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News > Colombia

Colombian Indigenous Call SOS to Save Lives of Social Leaders

  • Indigenous attend the funeral of social leader Gersaín Yatacue in Toribio, department of Cauca.

    Indigenous attend the funeral of social leader Gersaín Yatacue in Toribio, department of Cauca. | Photo: EFE

Published 10 August 2019

Violence has shaken communities and robbed them of their leaders one murder at a time. Indigenous are calling a state of emergency.

The National Indigenous Organization of Colombia (ONIC) declared an “emergency situation” Friday for the systematic slaughter of Indigenous social leaders witnessed within President Ivan Duque’s administration.

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"We have an ethical and political obligation to declare a humanitarian, social and economic emergency for all Indigenous peoples of Colombia due to the systematic and continuous genocide in the first year of the government," ONIC said during a meeting of the United Nations National Assembly of Authorities.

In a statement, the organization denounced the mountain of murders which have transpired over since the peace accords were signed in Nov. 2016 — at least 158 Indigenous leaders — 94 since Aug. 7, 2018 alone.

Another 710 social leaders, 138 ex-guerrilla fighters can be added to the list starting from the accords, killed mainly by paramilitary violence.

Over the last week, three other Indigenous were killed: social leaders Enrique Guejia Meza and Jose Eduardo Tumbo, as well as 22-year-old Indigenous rights defender, Gersain Yatacue.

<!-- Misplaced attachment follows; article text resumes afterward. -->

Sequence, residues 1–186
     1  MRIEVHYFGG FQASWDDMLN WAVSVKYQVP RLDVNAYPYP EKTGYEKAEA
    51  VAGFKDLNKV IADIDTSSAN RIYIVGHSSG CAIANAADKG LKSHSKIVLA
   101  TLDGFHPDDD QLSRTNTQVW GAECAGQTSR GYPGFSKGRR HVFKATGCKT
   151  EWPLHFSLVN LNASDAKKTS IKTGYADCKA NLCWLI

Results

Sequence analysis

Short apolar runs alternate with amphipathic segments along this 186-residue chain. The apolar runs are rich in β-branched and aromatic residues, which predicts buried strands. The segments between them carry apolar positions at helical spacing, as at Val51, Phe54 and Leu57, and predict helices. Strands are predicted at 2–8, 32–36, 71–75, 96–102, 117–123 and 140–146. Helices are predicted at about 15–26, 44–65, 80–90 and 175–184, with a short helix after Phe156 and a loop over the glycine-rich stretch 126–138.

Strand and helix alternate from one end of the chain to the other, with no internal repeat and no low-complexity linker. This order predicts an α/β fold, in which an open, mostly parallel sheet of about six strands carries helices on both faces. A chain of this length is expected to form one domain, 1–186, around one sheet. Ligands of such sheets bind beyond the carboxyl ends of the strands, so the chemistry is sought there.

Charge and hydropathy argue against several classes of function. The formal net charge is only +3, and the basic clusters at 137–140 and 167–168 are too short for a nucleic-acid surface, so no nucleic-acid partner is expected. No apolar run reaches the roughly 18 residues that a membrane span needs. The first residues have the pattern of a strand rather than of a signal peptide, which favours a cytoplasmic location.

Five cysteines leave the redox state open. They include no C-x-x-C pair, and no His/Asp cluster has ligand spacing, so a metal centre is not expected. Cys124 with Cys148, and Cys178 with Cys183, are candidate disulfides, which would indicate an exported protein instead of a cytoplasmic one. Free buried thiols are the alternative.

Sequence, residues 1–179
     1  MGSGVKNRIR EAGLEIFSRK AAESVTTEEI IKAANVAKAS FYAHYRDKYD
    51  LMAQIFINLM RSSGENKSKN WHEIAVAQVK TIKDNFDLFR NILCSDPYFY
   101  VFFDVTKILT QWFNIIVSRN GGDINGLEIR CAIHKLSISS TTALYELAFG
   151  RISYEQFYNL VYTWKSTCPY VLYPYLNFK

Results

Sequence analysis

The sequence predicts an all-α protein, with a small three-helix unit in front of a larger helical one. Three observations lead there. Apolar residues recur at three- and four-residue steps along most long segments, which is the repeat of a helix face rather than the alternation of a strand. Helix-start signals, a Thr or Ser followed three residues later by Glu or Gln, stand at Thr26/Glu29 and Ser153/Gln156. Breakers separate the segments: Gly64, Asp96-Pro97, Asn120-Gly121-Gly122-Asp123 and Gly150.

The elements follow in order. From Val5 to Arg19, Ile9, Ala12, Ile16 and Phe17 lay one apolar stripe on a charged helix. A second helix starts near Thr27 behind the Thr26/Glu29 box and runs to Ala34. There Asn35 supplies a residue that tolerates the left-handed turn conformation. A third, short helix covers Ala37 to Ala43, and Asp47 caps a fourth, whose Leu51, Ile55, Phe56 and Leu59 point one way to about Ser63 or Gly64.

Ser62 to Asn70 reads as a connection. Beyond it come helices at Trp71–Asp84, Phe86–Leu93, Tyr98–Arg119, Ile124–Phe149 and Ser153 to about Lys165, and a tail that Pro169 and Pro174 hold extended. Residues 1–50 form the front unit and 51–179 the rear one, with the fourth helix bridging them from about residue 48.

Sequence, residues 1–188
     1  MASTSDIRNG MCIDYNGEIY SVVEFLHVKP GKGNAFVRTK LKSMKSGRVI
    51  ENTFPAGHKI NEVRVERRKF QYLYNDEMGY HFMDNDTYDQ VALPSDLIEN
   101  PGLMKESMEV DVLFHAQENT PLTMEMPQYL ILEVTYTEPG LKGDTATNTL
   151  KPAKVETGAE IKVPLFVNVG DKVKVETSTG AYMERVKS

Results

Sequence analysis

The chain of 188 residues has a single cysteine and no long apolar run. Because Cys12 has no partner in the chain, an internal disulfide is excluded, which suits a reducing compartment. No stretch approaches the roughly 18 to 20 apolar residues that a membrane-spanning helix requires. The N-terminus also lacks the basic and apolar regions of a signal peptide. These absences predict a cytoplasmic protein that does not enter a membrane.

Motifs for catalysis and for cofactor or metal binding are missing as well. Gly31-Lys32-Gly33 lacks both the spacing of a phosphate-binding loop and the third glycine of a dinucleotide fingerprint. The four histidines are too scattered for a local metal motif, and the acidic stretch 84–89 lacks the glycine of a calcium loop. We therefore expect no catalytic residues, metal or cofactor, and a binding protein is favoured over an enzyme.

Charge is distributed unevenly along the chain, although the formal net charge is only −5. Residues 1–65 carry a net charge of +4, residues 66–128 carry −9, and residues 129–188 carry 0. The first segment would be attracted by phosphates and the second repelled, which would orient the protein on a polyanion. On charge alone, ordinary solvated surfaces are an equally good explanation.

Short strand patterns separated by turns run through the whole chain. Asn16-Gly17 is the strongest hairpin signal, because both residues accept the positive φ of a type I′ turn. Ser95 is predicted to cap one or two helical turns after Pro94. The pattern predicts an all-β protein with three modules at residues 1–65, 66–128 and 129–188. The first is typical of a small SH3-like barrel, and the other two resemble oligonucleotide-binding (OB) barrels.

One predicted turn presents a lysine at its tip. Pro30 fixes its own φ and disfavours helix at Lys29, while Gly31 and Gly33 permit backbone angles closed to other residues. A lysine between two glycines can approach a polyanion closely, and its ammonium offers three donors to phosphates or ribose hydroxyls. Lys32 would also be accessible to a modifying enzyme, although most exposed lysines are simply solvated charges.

From the Valle del Cauca in the southwest to Antioquia in the northwest, from Risaralda and Norte de Santander, violence has shaken communities from their homes, sending them in search of peace.

"We continue to experience armed clashes in Indigenous territories that cause daily displacement and isolation of the Embera and Waunaan peoples in the department of Choco on the border with Panama and systematic assassinations and isolation of the Awá Indians in Nariño on the Ecuadorian border," the statement outlined.

The ONIC, founded in 1982, represents some 800,000 people, approximately 2 percent of the Colombian population. The organization urged international communities to stand together and be a voice for the disenfranchised, hold Colombia accountable and use their influence to push Duque to “take the necessary measures,” and end the slaughter of Colombia's rural and native people.

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